919 F.2d 740
UNITED STATES of America, Plaintiff-Appellee,
Russell J. NEUMANN and Helen M. Neumann, Defendants-Appellants.
United States Court of Appeals, Seventh Circuit.
Submitted Nov. 29, 1990.*
Decided Dec. 3, 1990.
NOTICE: Seventh Circuit Rule 53(b)(2) states unpublished orders shall not be cited or used as precedent except to support a claim of res judicata, collateral estoppel or law of the case in any federal court within the circuit.
Before CUMMINGS, POSNER and FLAUM, Circuit Judges.
The United States brought this action under 26 U.S.C. Secs. 7402 and 7403 against the taxpayers, Russell J. Neumann, and his wife, Helen M. Neumann, and four entities known as the 7 Oaks Corporation; the Life Science Church, Russell J. Neumann, pastor; the Oak Haven Life Science Church, Russell J. Neumann, pastor; and the Life Science Church, Order of Almighty God, Chapter No. 1012. The United States sought to reduce to judgment outstanding income tax assessments against the Neumanns, to set aside conveyances by the Neumanns of their residence property and three rental properties, and to foreclose the tax liens against these properties. The district court found that the United States adequately established the Neumanns' tax liability. It also found that the 7 Oaks Corporation and the Life Science Church transferees were the alter ego of the Neumanns, and that the property transfers made by the Neumanns were fraudulent. The district court accordingly entered judgment against Russell J. Neumann in the amount of $95,461.92 plus interest from April 1, 1987, and against Helen M. Neumann in the amount of $57,539.72, plus interest from April 1, 1987; ordered foreclosure of the tax liens against the properties; and authorized the sale of the properties by the United States. From this order the Neumanns appeal. For the reasons set forth below, we affirm in part, vacate in part and remand for further proceedings.
The Neumanns first contend that the United States did not issue valid assessments of their tax liability. We disagree. The certificates of assessments and payments submitted by the United States provided all the necessary information required by section 6203 of the Internal Revenue Code and section 301.6203-1 of the Treasury Regulations on Procedure and Administration, and constituted presumptive proof of the validity of the assessments. See United States v. Chila, 871 F.2d 1015, 1017-18 (11th Cir.), cert. denied, 110 S.Ct. 498 (1989); United States v. Miller, 318 F.2d 637, 639 (7th Cir.1963). The Neumanns failed to produce any evidence to overcome this presumption. Therefore the district court's entry of judgment for the United States on the issue of the Neumanns' tax liability was proper.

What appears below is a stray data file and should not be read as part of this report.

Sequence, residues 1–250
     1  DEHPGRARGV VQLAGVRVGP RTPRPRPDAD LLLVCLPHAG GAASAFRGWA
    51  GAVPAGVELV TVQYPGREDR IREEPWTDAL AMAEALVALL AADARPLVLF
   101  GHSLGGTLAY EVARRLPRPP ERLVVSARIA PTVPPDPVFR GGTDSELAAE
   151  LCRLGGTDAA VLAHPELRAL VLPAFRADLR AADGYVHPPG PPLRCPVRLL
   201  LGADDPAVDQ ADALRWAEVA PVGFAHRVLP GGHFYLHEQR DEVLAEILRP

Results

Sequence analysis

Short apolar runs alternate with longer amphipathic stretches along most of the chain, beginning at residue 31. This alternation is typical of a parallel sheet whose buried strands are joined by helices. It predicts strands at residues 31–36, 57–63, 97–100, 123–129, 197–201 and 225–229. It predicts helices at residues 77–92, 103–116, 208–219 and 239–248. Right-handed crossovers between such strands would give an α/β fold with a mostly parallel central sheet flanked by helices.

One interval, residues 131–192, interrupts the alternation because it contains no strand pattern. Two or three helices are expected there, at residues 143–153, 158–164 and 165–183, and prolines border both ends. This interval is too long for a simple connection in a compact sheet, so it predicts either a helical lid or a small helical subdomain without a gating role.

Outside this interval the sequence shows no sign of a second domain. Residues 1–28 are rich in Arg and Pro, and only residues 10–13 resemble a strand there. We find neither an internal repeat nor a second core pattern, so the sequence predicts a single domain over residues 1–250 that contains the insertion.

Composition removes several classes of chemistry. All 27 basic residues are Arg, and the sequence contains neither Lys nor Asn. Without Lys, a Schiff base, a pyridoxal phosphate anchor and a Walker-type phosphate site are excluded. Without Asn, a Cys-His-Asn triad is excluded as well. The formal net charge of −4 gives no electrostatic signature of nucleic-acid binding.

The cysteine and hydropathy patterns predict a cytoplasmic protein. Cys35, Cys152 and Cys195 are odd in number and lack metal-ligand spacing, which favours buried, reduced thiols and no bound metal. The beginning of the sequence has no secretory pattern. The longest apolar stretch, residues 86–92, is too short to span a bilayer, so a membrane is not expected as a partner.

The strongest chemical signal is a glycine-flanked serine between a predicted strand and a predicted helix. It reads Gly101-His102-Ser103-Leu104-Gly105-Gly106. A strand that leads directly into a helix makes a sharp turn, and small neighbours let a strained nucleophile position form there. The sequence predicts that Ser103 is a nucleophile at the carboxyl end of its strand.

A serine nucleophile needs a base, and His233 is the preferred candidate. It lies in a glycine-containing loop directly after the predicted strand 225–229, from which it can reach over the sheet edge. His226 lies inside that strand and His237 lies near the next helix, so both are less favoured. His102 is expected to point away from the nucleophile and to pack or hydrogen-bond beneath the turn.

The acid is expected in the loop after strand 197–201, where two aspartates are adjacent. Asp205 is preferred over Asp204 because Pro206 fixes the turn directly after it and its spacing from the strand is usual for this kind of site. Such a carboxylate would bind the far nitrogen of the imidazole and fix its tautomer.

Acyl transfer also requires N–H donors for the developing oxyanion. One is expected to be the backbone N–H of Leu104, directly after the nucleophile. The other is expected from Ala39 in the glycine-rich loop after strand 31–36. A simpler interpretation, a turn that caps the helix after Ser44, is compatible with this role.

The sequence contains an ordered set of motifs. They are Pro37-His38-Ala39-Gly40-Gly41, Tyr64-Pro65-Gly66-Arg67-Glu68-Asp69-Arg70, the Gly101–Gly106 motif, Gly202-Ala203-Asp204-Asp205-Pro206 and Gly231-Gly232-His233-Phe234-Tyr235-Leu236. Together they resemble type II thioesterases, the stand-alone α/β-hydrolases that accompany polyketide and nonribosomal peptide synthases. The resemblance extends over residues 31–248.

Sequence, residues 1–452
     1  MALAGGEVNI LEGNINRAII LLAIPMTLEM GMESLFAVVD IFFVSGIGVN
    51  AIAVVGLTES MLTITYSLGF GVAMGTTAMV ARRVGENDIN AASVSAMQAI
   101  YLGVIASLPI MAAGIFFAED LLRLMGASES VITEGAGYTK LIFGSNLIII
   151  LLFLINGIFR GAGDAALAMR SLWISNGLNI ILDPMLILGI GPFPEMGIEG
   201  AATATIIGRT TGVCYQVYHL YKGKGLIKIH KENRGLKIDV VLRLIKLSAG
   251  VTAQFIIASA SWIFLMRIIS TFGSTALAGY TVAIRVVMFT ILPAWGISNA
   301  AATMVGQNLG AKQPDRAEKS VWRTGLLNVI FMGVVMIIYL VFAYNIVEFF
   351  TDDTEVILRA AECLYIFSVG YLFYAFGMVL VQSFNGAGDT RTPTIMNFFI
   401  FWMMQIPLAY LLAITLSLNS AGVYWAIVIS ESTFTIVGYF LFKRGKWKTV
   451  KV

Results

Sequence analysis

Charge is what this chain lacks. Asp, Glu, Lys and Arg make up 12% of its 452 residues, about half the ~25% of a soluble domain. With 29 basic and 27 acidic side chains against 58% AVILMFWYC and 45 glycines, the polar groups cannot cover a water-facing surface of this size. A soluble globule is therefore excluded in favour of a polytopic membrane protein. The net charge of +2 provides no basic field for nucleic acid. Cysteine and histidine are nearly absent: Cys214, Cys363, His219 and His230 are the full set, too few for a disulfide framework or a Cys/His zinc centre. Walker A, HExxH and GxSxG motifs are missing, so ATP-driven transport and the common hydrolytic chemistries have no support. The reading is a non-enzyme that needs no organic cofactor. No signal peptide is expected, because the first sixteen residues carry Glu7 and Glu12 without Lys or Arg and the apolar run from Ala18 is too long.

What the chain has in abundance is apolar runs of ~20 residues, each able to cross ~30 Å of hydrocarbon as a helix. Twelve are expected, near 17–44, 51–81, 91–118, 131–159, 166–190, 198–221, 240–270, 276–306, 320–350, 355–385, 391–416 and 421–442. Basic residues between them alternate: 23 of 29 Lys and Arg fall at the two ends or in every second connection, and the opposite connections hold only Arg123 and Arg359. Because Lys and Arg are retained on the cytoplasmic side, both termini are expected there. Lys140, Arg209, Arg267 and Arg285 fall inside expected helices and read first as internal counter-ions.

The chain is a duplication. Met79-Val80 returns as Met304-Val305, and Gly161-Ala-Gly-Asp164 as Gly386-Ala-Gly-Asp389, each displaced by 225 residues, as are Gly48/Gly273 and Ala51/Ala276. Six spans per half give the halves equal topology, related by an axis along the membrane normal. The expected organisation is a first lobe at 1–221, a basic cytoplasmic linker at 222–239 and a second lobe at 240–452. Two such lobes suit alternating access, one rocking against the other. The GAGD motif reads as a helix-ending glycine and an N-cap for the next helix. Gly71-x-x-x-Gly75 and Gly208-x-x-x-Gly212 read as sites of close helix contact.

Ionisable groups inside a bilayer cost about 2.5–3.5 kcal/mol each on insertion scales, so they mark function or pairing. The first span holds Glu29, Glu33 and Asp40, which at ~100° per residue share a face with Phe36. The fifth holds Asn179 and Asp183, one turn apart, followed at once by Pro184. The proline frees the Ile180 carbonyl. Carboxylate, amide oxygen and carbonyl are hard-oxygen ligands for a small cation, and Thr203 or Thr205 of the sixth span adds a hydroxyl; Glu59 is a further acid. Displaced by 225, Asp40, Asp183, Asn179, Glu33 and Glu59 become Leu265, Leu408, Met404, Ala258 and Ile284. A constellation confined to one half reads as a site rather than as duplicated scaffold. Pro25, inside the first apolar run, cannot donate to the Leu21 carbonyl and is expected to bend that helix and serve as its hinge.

The Neumanns next contend that the district court erred in ordering a foreclosure sale of the properties. The district court's conclusion and the government's argument that the Neumanns owned the properties give them standing to raise this contention. Cf. United States v. Borchardt, 470 F.2d 257, 260 & n. 4 (7th Cir.1972) (holding that a third party grantee had standing to raise its own defenses in a foreclosure action instituted by the Government pursuant to 26 U.S.C. Sec. 7403); United States v. Camejo, 666 F.Supp. 1542, 154 (S.D.Fla.1987) (same). The district court used the fraudulent conveyance and alter ego theories under Wisconsin law to analyze the Neumanns' ownership interest in the properties. Neither the Neumanns nor the United States disputed the applicability of state law to this issue. We agree with the district court on its application of the alter ego theory, and therefore affirm its order of foreclosure. In so affirming, we reject the Neumanns' argument that the alter ego theory does not apply, because the 7 Oaks Corporation and the Life Science Church transferees failed to receive proper notice of the tax liens and liability. Notice to the Neumanns reasonably could be construed as notice to the 7 Oaks Corporation and the Life Science Church transferees. We need not consider the Neumanns' arguments regarding the application of the fraudulent conveyance theory in view of our affirmance on the alter ego theory.
The Neumanns finally contend that Richard and Virginia Wilkins should have been joined as necessary parties to this case, because they own two of the three rental properties subject to the foreclosure order. The Government responds that a remand for consideration of the joinder issue would serve the interests of justice. Because the district court did not examine the extent, if any, of the Wilkins' interest in the two rental properties, we vacate its foreclosure order in regard to these properties and remand the case for the district court to consider the Wilkins' status under Fed.R.Civ.P. 19. See generally Tillman v. City of Milwaukee, 715 F.2d 354, 357-58 (7th Cir.1983) (setting forth the analysis for compulsory joinder under Rule 19); C. Wright, A. Miller & M. Kane, 7 Federal Practice & Procedure, Sec. 1604 (1986).
AFFIRMED IN PART, VACATED IN PART AND REMANDED.
After preliminary examination of the briefs, the court notified the parties that it had tentatively concluded that oral argument would not be helpful to the court in this case. The notice provided that any party might file a "Statement as to Need of Oral Argument." See Fed.R.App.P. 34(a); Circuit Rule 34(f). No such statement having been filed, the appeal has been submitted on the briefs and the record